How to improve the environmental performance of food products?
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As detailed in a previous article, the food industry is at the crossroads of multiple sustainability issues, and in particular environmental issues. In this context, how can a company innovate and create value while reducing its environmental impacts?
Many companies are now taking up this challenge with a wide variety of proposals: from packaging reduction to biomimetics, take a look with us at examples of eco-design applied to the food industry!
1. The "vegetalized" sausage
Photography: Noortje Knulst
Vegetables at the butcher's! Scientists agree on the importance of reducing our meat consumption to lower the environmental burden – while reinforcing our health. Carolien Neibling is a Dutch designer that took a look on the matter by searching for an appetizing solution that would reduce meat consumption. In collaboration with a master butcher and a molecular gastronomy specialist chef, Carolien is developing the "sausages of the future": sausages that contain 20% less meat than traditional recipes. Instead? Legumes, insects, fruit and vegetables that allow for a diversification of the protein intake. Would the weirdly appetizing design of the sausages encourage a smooth transition to a less meaty diet?
To go further: Carolien Neibling tells her story and her approach in the video below. A real lesson in reflection and design.
2. Biomimetics supports targeted fungicide emissions
How does nature solve a similar problem? This is the question that biomimetics experts ask themselves when looking for a solution to a problem. Biomimetics apply to almost all sectors, and agriculture is no exception. For instance: Nanomik Biotechnology has developed a solution to limit the use of fungicides in vineyards while preserving grape production and yields.
In nature, plants combat fungal disease and stimulate the activation of the defensive systems of nearby plants by emitting volatile molecules.
Based on this principle, the company Nanomik has created a solution for encapsulating these defence molecules. When the product is used, capsules attach to both the plant and the fungus and then release the molecules in a controlled manner.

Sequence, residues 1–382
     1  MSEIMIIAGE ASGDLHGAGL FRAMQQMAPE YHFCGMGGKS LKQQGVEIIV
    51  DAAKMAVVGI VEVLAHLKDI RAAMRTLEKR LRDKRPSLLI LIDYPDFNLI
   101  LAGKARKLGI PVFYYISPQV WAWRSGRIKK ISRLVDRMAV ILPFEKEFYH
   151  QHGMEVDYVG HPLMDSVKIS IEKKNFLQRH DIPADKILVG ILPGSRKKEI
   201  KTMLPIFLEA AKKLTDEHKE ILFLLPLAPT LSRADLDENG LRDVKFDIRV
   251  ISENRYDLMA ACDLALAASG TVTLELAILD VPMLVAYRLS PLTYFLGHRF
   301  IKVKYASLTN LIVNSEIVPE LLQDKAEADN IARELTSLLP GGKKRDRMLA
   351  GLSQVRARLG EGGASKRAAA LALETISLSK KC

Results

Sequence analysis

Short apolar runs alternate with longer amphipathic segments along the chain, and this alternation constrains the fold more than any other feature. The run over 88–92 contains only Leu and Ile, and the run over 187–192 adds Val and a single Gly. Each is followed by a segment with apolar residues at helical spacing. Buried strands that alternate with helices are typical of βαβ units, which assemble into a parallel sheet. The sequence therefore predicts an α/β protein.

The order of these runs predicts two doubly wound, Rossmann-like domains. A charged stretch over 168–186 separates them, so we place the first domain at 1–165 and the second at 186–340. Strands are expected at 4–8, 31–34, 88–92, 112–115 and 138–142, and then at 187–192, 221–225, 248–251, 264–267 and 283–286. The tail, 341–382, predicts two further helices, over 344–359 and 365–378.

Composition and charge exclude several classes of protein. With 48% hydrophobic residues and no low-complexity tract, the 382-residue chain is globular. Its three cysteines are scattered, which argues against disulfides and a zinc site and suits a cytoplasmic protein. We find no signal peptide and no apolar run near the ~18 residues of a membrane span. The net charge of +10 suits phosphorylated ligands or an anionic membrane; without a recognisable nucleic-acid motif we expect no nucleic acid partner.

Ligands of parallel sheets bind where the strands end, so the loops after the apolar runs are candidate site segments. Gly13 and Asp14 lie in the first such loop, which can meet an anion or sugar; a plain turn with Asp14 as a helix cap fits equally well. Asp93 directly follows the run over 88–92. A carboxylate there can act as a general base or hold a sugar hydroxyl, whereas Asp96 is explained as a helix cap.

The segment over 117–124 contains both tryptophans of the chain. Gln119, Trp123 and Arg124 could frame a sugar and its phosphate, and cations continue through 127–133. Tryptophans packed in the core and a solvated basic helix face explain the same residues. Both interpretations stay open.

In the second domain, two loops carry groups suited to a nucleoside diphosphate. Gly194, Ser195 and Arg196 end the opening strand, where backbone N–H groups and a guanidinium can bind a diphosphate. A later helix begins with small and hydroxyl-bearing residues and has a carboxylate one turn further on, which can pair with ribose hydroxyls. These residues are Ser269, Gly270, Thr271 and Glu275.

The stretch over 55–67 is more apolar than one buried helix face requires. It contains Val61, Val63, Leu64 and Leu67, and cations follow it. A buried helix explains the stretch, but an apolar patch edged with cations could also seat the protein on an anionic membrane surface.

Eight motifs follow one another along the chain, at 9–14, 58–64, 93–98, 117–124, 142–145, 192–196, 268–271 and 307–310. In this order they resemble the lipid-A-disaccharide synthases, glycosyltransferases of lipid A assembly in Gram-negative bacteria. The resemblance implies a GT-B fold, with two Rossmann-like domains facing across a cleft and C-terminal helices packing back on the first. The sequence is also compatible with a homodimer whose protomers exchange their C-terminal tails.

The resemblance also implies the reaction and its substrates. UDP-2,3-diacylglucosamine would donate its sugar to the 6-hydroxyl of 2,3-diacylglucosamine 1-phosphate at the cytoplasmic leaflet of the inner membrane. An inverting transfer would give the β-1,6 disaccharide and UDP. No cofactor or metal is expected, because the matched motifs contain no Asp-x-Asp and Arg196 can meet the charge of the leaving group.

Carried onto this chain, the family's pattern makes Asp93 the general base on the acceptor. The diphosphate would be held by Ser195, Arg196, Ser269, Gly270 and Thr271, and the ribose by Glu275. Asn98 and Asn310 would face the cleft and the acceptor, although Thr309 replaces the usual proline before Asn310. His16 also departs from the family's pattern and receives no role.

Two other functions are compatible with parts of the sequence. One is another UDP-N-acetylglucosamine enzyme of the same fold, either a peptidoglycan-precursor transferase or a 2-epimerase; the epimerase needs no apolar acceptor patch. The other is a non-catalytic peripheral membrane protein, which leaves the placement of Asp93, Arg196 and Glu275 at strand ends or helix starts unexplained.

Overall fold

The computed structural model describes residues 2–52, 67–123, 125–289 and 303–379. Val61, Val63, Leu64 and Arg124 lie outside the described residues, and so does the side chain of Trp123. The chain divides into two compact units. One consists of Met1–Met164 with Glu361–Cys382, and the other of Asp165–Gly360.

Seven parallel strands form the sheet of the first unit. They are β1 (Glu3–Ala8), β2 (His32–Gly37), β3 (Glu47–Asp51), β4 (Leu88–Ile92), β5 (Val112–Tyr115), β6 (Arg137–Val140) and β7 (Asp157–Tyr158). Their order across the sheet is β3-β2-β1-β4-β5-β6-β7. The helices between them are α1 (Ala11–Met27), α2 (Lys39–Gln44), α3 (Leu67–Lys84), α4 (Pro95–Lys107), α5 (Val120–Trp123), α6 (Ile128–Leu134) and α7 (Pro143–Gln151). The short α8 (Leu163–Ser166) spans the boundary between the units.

To go further, Nanomik's website provides more details on how this technology works and shows the company's other products, dedicated to increasing the shelf life of vegetables and fruits after purchase.
3. The double functionality of Tassiopeia's munchable cups
Another approach in eco-design: extending the functionality of a product by multiplying its functions. Tassiopée, a young Paris based start-up, is striving to offer an original and eatable cup to its customers. No more waste with these edible cups: the cup becomes an ingredient of the drink!
The main function of the cup is broadened and even enriched with culinary interest. The Tassiopée team did not stop at the end of life issue: their chewable cups also integrate the issue of agricultural practices by choosing ingredients from organic farming. Tassiopée also strives to limit the impact of transport by favouring products from French regions.
To go further, Tassiopée's website illustrates in detail how to taste these succulent cups (in French):
4. Inspired by the seasons, another side of biomimetics
Biomimetics refer to the development of innovative solutions inspired by living organisms, and more generally from nature itself. Adapting to the rotation of the seasons is an example: ecodeisgn of food could mean a return to seasonal food.